Day 1073 – Ken here (M)(08-22-2012)
(DEF III, v.5, Ch.50, pp.170-180)(pages read: 2210)
Day 1073. How did I get to this evening, having started out in those hopeful, optimistic days of Day 1 or 10 or even 200, lo these many years ago – when the original plan was to get Gibbon completely read and blogged-out in just over 12 months?
And why am I reviving the whole Gibbon-obsession all over again after almost a year of silence?
All very good questions – but like a bad habit, reading Gibbon is hard to quit cold turkey. Just try it sometime yourself. I made the mistake of picking him up again first thing this morning and now I find myself writing on this blog late into the night, once again. He has a way of getting under your skin.
Besides, I like the guy. Well, most of the time.
And I respect him. He fought for what he thought was reasonable and rational, often in direct conflict with the popular common-sense opinions of the 1780′s (ex. his loathing of the early Christian church, and even his pro-Islam stance in the reading from today’s pages). He fought even though his personal life and his health was in shambles and was getting worse. He did it, even though many, including himself, questioned the foolish arrogance of one man, alone, being able to write a competent 2000 year narrative of the most famous city in European history.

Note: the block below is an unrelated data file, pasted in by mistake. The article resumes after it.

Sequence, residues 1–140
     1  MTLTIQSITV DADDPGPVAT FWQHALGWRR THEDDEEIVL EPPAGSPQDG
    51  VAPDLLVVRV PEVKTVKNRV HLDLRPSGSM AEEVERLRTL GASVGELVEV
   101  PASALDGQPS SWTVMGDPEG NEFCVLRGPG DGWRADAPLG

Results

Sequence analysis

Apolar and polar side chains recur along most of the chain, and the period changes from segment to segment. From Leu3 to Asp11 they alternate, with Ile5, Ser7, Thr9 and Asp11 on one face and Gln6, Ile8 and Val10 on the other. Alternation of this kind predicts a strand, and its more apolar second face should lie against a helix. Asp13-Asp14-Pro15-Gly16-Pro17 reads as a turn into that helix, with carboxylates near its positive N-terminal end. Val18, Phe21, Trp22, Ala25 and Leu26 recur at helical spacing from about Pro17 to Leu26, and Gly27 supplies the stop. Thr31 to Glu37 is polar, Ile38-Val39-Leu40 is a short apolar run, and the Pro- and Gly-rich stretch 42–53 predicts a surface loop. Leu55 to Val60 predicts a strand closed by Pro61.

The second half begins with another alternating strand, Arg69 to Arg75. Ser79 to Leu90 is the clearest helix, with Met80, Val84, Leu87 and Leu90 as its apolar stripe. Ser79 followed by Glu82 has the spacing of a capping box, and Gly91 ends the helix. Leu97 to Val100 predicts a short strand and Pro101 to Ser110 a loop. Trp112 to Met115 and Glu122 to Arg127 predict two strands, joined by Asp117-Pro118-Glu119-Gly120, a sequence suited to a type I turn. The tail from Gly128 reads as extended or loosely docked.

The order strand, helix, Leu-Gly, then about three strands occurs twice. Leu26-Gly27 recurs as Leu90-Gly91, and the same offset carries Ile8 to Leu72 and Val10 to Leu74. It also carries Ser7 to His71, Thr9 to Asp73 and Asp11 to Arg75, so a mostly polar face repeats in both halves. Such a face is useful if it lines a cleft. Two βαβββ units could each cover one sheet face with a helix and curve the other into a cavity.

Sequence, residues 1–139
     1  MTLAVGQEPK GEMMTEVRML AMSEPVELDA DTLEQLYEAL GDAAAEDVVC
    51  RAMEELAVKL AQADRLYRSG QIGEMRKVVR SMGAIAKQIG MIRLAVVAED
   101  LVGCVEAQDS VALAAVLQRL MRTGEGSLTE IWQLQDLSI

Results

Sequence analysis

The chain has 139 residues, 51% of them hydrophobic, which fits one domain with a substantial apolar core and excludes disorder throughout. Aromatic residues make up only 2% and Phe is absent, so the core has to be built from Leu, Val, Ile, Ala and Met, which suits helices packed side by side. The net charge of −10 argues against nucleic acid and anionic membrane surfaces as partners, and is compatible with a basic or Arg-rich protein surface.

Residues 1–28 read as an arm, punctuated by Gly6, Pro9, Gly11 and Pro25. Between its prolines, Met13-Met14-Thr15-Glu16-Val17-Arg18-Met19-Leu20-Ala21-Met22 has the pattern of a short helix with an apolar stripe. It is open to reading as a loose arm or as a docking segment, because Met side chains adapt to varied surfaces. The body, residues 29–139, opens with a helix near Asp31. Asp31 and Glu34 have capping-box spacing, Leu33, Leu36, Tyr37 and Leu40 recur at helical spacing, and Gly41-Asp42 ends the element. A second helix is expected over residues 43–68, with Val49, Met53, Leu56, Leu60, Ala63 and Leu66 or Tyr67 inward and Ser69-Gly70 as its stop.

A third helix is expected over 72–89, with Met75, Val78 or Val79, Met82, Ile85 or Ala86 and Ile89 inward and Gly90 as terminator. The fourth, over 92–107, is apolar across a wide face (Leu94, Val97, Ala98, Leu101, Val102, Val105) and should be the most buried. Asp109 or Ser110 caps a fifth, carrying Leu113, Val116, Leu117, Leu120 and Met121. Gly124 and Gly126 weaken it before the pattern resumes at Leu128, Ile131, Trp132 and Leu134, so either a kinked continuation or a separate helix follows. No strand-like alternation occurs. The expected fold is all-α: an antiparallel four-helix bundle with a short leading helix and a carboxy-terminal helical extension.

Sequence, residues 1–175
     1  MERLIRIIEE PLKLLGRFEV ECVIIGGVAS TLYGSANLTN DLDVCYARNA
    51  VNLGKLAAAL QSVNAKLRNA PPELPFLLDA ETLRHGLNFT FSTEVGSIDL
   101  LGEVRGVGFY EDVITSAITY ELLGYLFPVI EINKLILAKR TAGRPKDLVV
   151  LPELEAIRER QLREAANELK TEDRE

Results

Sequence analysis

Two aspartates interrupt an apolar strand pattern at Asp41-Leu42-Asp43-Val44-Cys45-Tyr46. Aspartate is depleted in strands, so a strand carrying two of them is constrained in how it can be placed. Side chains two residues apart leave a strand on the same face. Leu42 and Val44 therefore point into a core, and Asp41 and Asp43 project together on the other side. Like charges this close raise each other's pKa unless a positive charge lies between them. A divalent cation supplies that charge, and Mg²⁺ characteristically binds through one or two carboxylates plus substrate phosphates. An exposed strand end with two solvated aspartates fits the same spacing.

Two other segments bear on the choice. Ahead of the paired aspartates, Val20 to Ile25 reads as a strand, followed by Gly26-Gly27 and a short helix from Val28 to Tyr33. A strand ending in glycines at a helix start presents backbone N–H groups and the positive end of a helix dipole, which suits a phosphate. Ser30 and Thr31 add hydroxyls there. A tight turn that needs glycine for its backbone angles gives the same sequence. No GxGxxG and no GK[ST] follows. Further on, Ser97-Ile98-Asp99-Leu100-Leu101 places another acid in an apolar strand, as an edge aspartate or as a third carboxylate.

But arrogance is a requirement of artists. And Gibbon had it in abundance. He was an intelligent, well-read, and rebellious man with an attitude and a burning desire to be heard – a potent and unusual combination of traits for an eighteenth century historian, especially an English classical historian who would normally lean more towards tones cautious, conservative, and appropriately respectful. Gibbon, as you’ve probably already figured out was none of those.
Gibbon, like Marvin the Android above and below, considered himself to have a brain the size of a planet, at the very least that of a dwarf planet (say Ceres or Haumea), and he persevered in finishing his 3000 page history of Rome DESPITE having an embarrassing medical condition which left him incontinent and odoriferous yet suffused with the compulsion to make surgically precise literary bombing raids on imperial Roman history and imperial Roman historians.